Safety switches - two years on and still no action
By the end of 2015, another 15 people who could have been saved by the installation of a simple and common safety switch will have lost their lives.
Back in 2011, when we first released our Switch Thinking report, the country had very little understanding of what on earth had led to the deaths of three young insulation installers in Queensland.
But, after finding out the details of each accident, those of us in the electrical industry knew instinctively why they’d died - there were no safety switches installed in the homes.
These deaths were the impetus for a massive MEA fact-finding project to determine just how many people, whose lives could have been saved by safety switches, had been dying in electrical incidents across Australia. It formed the basis of what we decided would become a decade-long education campaign designed to alert the public to the benefits of safety switches, as well as to pressure governments and bureaucrats into taking long overdue action.
After months of research we determined that 15 people were being electrocuted each and every year and 300 were being hospitalised. It was, and still is, an enormous number of preventable deaths.
We compiled these findings alongside an exhaustive history of the issue, safety switch know-how and an in-depth look at each state’s legislation framework. We added case studies of preventable electrocutions (including that of a 15-year-old boy electrocuted by a damaged extension lead socket when he was using a power tool) and combined them with our comprehensive 16-point recommendations list.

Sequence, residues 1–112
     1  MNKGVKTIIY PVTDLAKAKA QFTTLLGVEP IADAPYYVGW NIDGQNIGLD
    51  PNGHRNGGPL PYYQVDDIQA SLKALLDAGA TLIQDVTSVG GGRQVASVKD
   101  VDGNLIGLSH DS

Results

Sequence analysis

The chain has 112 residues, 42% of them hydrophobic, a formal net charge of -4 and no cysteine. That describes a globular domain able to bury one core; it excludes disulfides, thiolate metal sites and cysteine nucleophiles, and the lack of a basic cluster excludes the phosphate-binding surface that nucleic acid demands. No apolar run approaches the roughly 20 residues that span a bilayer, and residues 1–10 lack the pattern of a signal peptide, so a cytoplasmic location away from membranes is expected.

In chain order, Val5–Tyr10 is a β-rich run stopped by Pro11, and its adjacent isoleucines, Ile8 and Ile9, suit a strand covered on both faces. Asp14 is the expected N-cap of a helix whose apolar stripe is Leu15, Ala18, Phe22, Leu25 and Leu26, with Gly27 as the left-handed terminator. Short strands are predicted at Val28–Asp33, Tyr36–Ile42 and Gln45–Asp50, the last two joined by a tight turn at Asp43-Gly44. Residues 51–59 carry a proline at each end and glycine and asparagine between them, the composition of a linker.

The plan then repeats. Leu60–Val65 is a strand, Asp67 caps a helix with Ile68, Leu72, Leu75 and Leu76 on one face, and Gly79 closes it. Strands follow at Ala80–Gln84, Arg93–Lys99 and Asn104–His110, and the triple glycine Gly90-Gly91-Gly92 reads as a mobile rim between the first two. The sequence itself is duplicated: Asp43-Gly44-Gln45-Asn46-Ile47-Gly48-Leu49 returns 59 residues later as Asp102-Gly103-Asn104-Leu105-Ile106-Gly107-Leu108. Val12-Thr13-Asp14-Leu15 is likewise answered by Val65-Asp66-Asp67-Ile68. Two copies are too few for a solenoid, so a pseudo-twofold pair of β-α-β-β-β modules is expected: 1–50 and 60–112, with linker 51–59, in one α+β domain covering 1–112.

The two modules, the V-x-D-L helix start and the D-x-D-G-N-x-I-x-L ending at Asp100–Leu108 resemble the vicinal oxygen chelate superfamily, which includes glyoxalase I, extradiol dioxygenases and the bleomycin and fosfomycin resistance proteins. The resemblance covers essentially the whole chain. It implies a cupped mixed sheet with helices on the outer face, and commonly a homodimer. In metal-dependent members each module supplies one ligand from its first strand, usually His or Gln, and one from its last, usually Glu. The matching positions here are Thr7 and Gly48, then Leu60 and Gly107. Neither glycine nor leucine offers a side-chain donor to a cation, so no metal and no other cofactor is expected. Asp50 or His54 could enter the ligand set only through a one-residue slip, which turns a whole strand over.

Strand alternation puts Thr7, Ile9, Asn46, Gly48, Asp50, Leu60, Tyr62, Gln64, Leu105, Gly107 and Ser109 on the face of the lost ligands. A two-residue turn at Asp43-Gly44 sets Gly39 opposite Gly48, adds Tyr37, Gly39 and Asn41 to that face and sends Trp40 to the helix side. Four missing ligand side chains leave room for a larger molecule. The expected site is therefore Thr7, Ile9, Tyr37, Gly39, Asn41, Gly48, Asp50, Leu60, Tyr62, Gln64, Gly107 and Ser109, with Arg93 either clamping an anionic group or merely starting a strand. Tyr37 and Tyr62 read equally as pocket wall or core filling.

The report’s electrical safety recommendations were adopted in full by Coroner Michael Barnes, who handed down his report on 4 July 2013, but fast forward to July 2015 and not one law has been changed across the entire country.
An audit of homes fitted with foil insulation (ordered by the federal government following the deaths) revealed some serious safety faults in 20% of homes (unrelated to the insulation). Such faults are often the result of DIY electrical work and could remain undiscovered for years, but will present a life-threatening situation to any person, tradesperson or otherwise, who comes into contact with them while working in a roof space of a home.
And yet, despite a groundswell of support from Mr Barnes, from Commissioner Ian Hanger who also adopted our recommendations in full following last year’s Royal Commission, from the families of those killed and from a swathe of different media outlets across the country, our state and territory governments are each yet to take action to legislate the installation of safety switches.
So - the Commissioner ruled the three HIP electrocutions could have been avoided through the installation of safety switches, it has been found there are electrical faults to approximately 20% of homes and there are no safety switches installed in 40% of homes. While this appears to be a no-brainer to us, the message is still not getting through.
Safety switches are to electrical incidents what seatbelts and airbags are to car accidents. It took a great deal of campaigning for such inclusions to become standard (and enforceable by law) in our motor vehicles, and we aim for safety switches in homes to follow the same suit.
So we’re calling on each and every one of you to help us continue our campaign (now at the halfway mark) and to work with us at a grassroots level to alert each one of your clients, at every callout, every day. We believe that together, we have the power to enact real, tangible changes in our communities, to prevent any more families having to bury a loved one who was needlessly electrocuted.
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